An 18th century shift

I have some fun 18th century sewing plans coming up, which I shall describe in EXTREME detail in a future post (due to doing a ton of Research).

That means it is finally time I make an actual shift, instead of continuing to wear a tank top under my 18th century clothing. I plan to hand sew the whole thing.

I went with Sharon Burnston’s amazing instructions for cutting and constructing a shift. Free pattern, free research, free info, what’s not to love?

Of course, nothing can ever be that simple.

First my fabric – I had gotten some linen on sale from Farmhouse Fabrics years ago. Since Farmhouse Fabrics is generally $$$ and high quality, I assumed this linen would be too.

It was… ok?

It took absolutely forever to pull threads to get my pattern pieces. I couldn’t get the thread to pull for more than 4 inches or so before it would break, so that was super tedious.

Ok, finally got the pattern cut out. I did make some changes to the neckline – I know that I always have issues with patterns falling off my shoulders, so I narrowed the neck on the sides and front by a good inch before cutting. Then I tried the body fabric on with just the neckhole cut out with my stays. I ended up lowering the front several inches in order to hit that just-barely-appropriate level right above the top of my stays.

I do highly recommend trying on the shift body with stays before cutting out the neckline fully and hemming it. You can fix a too-small neckline, but too big is not really a fixable problem.

And then things got more gnarly.

According to the pattern, the fabric for the arm should be a 17″ by 17″ square. I sewed up both sleeves, and did all the stroke gathers and attached the cuff on one.

(Can I say here how much I detest stroke gathers? I get they are just super tiny cartridge pleats which I enjoy, but the small scale is a massive pain. Especially with linen which is not super tightly woven, so I was actually trying to count threads to get even narrow gathers).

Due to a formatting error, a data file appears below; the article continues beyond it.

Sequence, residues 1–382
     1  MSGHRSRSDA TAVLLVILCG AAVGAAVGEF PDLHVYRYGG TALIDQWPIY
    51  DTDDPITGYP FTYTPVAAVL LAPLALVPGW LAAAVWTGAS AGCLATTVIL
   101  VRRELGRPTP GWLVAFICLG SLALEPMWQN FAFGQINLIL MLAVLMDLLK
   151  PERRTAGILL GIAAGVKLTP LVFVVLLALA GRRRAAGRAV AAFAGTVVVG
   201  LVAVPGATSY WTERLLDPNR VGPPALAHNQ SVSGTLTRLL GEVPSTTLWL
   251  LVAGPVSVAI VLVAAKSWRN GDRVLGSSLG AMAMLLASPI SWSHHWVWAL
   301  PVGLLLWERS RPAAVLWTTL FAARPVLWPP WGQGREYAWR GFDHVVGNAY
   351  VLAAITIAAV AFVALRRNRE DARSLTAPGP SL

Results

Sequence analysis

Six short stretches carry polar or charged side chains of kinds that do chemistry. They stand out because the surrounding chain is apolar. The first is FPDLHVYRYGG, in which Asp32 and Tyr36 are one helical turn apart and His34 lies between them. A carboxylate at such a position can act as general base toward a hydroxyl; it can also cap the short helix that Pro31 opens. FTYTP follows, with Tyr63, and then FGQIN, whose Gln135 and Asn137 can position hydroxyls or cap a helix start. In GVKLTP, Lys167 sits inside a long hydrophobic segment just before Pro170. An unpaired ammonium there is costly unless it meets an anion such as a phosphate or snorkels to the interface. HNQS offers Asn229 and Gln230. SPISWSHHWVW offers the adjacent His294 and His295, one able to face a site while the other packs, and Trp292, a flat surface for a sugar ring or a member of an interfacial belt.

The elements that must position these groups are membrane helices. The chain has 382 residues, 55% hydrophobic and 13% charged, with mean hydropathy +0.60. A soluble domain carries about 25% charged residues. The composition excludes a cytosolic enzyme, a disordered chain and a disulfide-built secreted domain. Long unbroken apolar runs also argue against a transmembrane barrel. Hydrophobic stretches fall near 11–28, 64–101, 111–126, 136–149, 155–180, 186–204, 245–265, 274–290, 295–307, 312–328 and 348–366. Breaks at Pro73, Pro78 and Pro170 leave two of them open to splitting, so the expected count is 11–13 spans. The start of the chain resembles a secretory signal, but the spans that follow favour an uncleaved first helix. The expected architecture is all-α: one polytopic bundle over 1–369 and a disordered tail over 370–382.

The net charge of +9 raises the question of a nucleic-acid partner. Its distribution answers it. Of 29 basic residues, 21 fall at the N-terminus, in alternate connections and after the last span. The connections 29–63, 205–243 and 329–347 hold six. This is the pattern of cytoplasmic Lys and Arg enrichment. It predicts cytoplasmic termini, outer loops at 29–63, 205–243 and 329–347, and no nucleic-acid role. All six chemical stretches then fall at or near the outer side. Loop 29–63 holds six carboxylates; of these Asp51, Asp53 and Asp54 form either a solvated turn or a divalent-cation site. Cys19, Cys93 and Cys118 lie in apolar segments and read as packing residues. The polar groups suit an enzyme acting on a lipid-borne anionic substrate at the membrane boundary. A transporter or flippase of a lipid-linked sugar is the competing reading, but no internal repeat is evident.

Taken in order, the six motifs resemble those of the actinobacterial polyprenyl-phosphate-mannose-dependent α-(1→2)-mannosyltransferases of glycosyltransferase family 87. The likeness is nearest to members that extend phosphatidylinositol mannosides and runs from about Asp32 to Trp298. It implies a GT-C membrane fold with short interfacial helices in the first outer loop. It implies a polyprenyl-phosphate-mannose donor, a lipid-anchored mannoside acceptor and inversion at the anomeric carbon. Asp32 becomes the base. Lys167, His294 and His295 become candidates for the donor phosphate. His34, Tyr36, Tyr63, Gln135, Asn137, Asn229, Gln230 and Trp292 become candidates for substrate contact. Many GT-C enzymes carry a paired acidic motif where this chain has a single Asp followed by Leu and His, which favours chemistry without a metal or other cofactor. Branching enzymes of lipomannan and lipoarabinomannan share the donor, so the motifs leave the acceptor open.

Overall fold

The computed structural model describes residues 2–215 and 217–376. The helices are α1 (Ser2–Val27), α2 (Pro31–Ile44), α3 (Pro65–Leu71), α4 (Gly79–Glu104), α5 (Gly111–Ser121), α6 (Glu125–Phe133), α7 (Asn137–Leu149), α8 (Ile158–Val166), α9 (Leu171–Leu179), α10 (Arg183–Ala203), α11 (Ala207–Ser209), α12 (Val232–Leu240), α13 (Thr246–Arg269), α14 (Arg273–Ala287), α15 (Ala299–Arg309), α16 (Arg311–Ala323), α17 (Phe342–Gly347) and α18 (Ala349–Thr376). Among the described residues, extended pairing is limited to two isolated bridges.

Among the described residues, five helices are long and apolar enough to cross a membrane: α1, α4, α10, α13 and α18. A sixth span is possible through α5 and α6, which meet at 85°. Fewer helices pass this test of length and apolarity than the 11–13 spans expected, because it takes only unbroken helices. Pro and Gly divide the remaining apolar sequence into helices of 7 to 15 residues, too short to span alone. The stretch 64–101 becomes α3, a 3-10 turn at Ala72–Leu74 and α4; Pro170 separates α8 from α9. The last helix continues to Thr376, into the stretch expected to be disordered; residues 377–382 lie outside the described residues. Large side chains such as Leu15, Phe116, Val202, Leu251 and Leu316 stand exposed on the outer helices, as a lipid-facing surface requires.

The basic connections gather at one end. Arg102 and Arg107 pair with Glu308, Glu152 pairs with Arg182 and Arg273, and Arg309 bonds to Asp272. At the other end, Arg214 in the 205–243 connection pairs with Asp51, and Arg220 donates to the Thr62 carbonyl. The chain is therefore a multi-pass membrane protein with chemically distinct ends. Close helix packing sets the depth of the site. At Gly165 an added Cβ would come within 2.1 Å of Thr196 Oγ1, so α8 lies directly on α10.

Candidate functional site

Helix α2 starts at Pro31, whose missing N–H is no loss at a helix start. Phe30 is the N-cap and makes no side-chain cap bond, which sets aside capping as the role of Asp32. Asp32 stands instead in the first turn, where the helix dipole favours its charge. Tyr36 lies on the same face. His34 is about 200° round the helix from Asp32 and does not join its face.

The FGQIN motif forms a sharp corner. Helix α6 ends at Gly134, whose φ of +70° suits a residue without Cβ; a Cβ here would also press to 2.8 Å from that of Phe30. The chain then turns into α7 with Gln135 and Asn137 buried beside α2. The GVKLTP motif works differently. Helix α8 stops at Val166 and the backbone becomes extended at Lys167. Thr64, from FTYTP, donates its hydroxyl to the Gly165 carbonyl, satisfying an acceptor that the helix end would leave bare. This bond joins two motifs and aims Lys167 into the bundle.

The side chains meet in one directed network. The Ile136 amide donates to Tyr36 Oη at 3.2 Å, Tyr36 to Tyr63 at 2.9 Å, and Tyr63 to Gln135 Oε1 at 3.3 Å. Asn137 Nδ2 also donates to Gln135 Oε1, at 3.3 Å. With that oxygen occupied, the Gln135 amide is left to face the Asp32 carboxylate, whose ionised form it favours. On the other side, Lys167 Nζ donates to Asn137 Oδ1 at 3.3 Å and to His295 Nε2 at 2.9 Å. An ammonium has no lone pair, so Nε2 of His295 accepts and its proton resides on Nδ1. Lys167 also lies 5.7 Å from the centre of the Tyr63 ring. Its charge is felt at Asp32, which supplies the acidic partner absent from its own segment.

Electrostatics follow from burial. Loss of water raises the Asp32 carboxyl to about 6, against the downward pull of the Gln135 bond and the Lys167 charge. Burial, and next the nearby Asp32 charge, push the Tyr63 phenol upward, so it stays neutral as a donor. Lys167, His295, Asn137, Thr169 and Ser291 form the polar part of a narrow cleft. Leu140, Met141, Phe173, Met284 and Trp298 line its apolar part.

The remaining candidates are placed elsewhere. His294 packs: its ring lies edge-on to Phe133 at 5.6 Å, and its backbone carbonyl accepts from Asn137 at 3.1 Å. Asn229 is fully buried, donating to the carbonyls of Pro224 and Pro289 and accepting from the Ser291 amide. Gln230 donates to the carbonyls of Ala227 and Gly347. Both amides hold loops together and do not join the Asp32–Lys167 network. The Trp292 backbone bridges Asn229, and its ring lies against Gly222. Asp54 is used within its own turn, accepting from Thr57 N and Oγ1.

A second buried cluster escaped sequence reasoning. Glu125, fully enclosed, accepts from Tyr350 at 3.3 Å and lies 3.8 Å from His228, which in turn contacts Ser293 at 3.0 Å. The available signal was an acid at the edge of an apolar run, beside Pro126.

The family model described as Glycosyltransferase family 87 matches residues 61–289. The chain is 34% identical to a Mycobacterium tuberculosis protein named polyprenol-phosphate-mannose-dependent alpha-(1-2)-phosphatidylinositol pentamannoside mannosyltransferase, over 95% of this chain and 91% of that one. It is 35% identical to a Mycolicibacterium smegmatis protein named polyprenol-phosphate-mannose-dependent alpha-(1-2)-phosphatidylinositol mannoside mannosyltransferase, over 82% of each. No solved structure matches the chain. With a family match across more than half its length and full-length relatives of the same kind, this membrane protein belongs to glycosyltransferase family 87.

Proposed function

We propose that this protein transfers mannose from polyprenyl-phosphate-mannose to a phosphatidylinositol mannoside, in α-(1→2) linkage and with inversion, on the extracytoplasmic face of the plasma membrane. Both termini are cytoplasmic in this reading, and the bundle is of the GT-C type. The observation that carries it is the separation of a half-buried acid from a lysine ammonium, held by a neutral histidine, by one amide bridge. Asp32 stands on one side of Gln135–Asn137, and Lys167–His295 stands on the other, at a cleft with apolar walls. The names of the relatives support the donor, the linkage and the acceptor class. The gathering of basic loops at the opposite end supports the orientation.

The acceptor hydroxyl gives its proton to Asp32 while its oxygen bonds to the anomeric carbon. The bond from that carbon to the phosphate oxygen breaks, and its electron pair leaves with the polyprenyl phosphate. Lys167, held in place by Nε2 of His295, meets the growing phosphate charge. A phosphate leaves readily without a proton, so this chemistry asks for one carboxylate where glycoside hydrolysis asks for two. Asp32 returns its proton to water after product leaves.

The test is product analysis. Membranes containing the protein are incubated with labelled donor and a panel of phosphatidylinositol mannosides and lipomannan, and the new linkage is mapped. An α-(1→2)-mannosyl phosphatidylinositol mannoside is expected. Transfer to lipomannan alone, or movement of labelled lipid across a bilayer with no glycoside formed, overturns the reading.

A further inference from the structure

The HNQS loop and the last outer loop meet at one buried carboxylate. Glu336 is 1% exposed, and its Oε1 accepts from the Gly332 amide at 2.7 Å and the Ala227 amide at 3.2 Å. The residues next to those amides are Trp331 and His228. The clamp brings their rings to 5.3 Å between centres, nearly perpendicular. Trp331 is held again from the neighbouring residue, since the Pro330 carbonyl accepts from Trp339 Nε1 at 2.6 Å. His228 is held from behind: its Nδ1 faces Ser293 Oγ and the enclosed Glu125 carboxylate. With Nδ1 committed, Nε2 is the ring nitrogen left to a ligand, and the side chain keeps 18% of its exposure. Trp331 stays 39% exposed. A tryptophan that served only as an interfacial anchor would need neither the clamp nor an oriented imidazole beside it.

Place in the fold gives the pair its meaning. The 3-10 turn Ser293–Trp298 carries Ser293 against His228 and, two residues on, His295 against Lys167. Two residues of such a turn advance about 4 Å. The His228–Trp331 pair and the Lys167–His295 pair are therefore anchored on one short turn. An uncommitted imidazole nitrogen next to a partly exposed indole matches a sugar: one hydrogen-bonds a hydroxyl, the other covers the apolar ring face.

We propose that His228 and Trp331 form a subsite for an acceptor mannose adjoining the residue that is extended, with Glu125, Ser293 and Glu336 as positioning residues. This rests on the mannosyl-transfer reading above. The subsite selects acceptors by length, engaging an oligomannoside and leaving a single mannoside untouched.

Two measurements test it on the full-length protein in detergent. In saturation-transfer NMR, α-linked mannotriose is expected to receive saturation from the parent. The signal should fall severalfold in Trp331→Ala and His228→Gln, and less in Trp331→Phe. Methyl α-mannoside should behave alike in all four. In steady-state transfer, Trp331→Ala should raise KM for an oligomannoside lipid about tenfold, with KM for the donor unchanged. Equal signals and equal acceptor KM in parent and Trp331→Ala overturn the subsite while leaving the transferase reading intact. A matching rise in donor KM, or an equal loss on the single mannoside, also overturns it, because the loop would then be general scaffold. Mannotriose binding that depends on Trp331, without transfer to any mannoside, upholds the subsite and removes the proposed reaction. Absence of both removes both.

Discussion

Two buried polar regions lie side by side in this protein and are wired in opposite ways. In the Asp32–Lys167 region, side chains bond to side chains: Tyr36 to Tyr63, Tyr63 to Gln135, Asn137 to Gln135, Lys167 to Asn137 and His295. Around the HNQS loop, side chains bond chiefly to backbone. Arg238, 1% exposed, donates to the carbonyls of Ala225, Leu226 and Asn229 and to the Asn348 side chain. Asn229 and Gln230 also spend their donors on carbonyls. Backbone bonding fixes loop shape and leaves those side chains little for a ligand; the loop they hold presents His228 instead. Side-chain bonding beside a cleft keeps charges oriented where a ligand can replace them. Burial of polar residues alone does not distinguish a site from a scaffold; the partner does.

At this point, I stuck the sleeve on my arm just for fun.

And the cuff was nearly at my wrist.


I pinned the sleeve onto the shift just to make sure.


This sleeve is supposed to hit just past the elbow, not all the way to the wrist.

I was also concerned that it would be too full to fit under the 1780s gown sleeve I had planned (although it would have been perfect for 1750s or so).

So, I gritted my teeth, and undid these beautiful stroke gathers and flat fell underarm gores in order cut down each sleeve. I ended up taking 3″ off each end of the sleeve to make it a 14×14″ square.


Goodbye stroke gathers 😦 You were hours of work 😦


Goodbye flat fell gore as well 😦 Taking out backstitch is more annoying than you would expect. 😦

I also took another 2″ off the shoulders on the shift body, angling down to nothing where the original gore had been cut out.

I honestly don’t understand how this measured so incorrectly. Like yes, I am short, but I doubt my arm is a full elbow-to-wrist length shorter than the average woman’s elbow, and Sharon made her pattern based on averaging out a bunch of extant shifts.


This entry was posted in 1700s, 18th c shift, Undergarments. Bookmark the permalink.

4 Responses to An 18th century shift

  1. Nessa says:

    Oh… I feel you! I have the same problem with necklines falling off my shoulders. Just yesterday I got a few nasty pin scratches while figuring out a “shoulder friendly” strap placement for a 1920s shift.
    Theory on the arm length: Maybe 18th-century ladies did not really have much longer arms than us short ladies, but massive upper arms so the 17″ never made it to the wrist. LOL, kidding. 😉

    • avantgarbe says:

      Hah! I didn’t think I had particularly narrow shoulders until I started sewing and everything fell off. I think it’s more related to being short and having less space between shoulder and waist, and somehow shoulder strap angles translate strangely…

      • Nessa says:

        That seems to be exactly the issue! Well, I just took 4″ off my straps which should be super tight now but nah, still slipping a bit.

  2. Caroline says:

    Oh those lovely stroked gathers! Isn’t that just the most soul sucking thing, ripping out beautiful stitches? Lovely work. I look forward to seeing it finished.


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